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GORDON CASTLE.DING WALL-STRATHPEFFER.
ment of those resources which are never better expended than in giving encouragement to talent, and inculcating habits of industry among the poor. The fine old timber flanking the venerable avenues, and throwing its umbrageous shadows over the scene, produces a magnificent effect. One tree in particular—a huge lime behind the castle-measures eighteen feet in girth, and covers with its drooping branches an area of two hundred feet. The trees which most prevail in these grounds—forming a walled park of thirteen hundred acres—are limes, horsechestnuts, and walnuts. The flower and fruit gardens alone occupy about twelve acres, with a fine piece of water in the centre, where the lordly swan takes his cruise of pleasure. The surrounding forest, of vast extent, and spreading over all the mountain, abounds in red deer and roe. Through this pine-clad wilderness, the great road to the south winds for several miles. It is almost superfluous to add, that every thing in the interior of this sumptuous mansion is arranged with corresponding taste and magnificence. It has now descended to the duke of Richmond, heir to the late duke of Gordon, whose name, while marquess of Huntley, was so familiar among those of the early friends and companions of George IV. His loss has been severely felt and lamented in the country where he resided with such princely munificence, and where the rites of hospitality were exercised with unbounded liberality. It may be affirmed without fear of contradiction, that no visitor ever left Gordon Castle without carrying with him a most elevated sense of what is meant by a true “ Highland welcome."
Ross-shire—the “ Sylvan Ross"—is a wild mountainous country to the westward; but, on the east, where it skirts the German Ocean, it assumes the most pleasing aspect, being naturally fertile, highly cultivated, and embellished with all that indicates a condition progressively prosperous. In the way towards Dingwall, some delightful glimpses are obtained of the grand scenery of western Ross; and the traveller, says Chambers, is impressed with an idea that he is wandering through a stupendous and inaccessible citadel ; while the wayside is adorned by various seats scattered up and down the valley of Conan. At the mouth of a glen opening into Cromarty Frith,* near the western extremity of that beautiful estuary, is the royal burgh of Dingwall, surrounded by some of the most beautiful scenery in Scotland. The town, which is built in the Dutch
• The grand and imposing feature in the natural scenery of the county, is the gigantic Ben-weavis, the summit of which was never known to be uncovered by snow, till the warm summer of 1826. Sir Hector Monro, of Foulis, proprietor, holds his estate by a tenure from one of the early Scottish kings, binding him to “bring three wain-loads of snow from the top of that hill whenever his majesty should desire."-Chambers, Statist. Crom. Hist.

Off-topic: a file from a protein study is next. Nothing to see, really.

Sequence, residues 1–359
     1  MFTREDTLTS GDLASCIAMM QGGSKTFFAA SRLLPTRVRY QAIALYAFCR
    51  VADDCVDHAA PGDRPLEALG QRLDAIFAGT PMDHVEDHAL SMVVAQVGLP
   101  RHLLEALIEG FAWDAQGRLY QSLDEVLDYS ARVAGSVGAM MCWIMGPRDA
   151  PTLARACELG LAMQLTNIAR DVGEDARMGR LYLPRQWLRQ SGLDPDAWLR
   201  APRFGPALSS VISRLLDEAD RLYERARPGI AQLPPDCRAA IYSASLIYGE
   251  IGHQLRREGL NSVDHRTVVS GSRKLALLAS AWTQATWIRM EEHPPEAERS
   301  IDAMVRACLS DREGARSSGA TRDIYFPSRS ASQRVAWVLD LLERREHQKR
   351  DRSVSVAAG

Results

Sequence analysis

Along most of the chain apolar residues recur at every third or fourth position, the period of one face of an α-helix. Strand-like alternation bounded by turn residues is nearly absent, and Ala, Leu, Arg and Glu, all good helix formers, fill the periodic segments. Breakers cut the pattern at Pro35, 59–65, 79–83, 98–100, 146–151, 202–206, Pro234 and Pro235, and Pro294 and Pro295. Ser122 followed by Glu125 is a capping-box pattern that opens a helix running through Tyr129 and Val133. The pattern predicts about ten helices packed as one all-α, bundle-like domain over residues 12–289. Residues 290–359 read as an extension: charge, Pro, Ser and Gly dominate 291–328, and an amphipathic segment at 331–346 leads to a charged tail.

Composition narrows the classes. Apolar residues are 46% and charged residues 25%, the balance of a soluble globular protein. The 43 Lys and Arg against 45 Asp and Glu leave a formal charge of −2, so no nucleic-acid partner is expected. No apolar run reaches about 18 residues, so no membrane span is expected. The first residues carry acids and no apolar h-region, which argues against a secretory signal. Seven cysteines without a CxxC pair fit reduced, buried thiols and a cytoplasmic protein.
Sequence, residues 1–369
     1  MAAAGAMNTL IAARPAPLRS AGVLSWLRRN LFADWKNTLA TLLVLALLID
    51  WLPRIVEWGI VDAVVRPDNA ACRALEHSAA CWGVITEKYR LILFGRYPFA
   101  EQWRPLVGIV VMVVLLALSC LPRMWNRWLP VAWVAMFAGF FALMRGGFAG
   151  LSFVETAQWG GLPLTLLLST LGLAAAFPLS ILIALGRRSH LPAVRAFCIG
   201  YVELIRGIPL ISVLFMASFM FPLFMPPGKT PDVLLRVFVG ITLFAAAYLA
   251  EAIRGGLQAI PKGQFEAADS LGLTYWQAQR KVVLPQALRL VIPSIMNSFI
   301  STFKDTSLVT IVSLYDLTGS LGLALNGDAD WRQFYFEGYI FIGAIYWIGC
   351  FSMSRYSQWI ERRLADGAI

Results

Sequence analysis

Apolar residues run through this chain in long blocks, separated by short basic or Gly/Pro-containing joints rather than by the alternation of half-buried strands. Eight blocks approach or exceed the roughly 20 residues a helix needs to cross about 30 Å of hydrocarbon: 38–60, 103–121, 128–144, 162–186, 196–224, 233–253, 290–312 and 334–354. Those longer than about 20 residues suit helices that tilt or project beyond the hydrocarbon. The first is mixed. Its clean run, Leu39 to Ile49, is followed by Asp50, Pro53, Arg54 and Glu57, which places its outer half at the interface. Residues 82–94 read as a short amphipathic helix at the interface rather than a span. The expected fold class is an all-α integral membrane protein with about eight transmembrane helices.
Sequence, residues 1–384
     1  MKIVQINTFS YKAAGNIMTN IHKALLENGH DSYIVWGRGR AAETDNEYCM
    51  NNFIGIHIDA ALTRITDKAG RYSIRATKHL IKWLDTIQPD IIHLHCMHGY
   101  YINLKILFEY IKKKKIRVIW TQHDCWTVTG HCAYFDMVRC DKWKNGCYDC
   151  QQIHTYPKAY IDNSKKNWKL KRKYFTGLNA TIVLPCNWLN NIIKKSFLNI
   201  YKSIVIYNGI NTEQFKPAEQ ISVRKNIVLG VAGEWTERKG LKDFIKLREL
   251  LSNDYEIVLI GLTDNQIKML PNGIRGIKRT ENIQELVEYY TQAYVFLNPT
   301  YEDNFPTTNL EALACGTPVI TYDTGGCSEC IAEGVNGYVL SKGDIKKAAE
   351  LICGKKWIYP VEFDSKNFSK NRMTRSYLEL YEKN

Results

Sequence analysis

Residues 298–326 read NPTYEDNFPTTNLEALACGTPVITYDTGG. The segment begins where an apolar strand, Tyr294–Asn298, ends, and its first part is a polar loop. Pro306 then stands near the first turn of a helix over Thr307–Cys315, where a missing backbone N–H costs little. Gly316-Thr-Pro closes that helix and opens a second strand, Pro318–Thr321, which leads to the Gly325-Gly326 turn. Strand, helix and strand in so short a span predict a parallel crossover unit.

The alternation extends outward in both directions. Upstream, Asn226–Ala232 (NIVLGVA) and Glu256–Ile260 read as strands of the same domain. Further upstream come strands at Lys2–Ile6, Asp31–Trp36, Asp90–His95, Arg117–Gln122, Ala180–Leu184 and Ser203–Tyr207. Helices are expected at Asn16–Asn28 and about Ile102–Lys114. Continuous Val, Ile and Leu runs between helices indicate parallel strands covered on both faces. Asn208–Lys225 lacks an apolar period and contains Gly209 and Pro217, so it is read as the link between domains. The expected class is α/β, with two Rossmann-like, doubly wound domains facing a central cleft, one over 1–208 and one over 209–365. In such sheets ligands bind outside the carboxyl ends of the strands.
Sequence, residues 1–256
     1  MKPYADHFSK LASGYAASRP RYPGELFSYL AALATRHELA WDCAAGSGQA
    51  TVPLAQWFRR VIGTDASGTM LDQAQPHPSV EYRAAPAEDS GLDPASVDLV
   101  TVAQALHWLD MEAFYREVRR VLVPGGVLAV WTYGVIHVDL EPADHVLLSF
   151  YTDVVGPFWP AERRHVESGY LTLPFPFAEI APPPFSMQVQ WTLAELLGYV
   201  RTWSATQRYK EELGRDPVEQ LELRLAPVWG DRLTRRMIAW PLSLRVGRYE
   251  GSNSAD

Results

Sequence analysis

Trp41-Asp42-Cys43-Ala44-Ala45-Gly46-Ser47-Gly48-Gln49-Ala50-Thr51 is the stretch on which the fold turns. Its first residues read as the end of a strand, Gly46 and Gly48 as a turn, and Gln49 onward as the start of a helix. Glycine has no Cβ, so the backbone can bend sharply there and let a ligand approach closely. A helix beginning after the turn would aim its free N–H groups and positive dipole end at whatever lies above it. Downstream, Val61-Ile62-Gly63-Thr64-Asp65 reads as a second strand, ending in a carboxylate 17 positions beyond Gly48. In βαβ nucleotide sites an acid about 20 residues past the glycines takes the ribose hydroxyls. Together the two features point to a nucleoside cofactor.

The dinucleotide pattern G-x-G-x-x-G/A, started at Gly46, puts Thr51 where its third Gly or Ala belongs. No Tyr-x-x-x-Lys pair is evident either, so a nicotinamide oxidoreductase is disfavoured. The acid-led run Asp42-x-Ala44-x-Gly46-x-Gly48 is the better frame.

fashion, is chiefly remarkable for its town-hall—a curious old building, situated near its centre, and surmounted with a spire and clock. On the north side is the new church, a plain edifice; and, in its neighbourhood, an obelisk, to the memory of the first earl of Cromarty, secretary of state for Scotland in the reign of Queen Anne, and whose life and eccentricities are so well known. The powerful earls of Ross had once a castle here, the foundations of which are still visible; and here, also, they held their courts. The waters of the Frith come close up to the town, but, owing to its being too shallow for that purpose, the mouth of an adjoining stream has been deepened and formed into a canal for admission of small vessels.
About two miles up the vale of Strathpeffer, is Knockfarrel, on the summit of which is one of the finest specimens in the kingdom of those equivocal structures called vitrified forts-several of which we have already noticed—and which, in various parts of the kingdom, have been discovered and partly described, to the number of forty-nine. In the same vale, a little higher up, are the chalybeate wells of Strathpeffer, much frequented in the fine season, and with many testimonials in favour of their medicinal virtues.
If the name of Cawdor Castle—as a popular writer* has well observed—be not of itself sufficient to excite curiosity, the beauties of its situation, the freshness in which all its appurtenances of ancient feudal gloom, and grandeur, and means of defence, still remain, will amply recompense the stranger for any trouble he may be put to in visiting it. Perched upon a low rock, overhanging the bed of a Highland torrent, and surrounded on all sides by the largest forest trees, which partly conceal the extent of its park, it stands a relic of the work of several ages—a weather-beaten tower, encircled by later and less elevated dwellings. The whole is inclosed within a moat, and approachable only by a drawbridge, which rattles on its chains just as in the years long gone by. The staircase—the iron-grated doors and wickets—the large baronial kitchen, partly formed out of the native rock—the hall—the antiquated furniture-the carved chimney-pieces and mantle-shelves—the rich and storied tapestry, and even the grotesque family mirrors in use two centuries ago, are religiously preserved by the family who still inhabit their ancestral halls. In this castle, according to local tradition, the good King Duncan was murdered by Macbeth, his sister's son. But, as we have already stated, the infamy of being the scene of that deed is also claimed by the castle at Inverness, and another in the neighbourhood of Elgin: but few would feel an interest in searching out the disagreeable truth on this point, even were it now practicable to do so. Of the “ Thanes
* Mr. Anderson of Inverness. See his “Guide to the Highlands."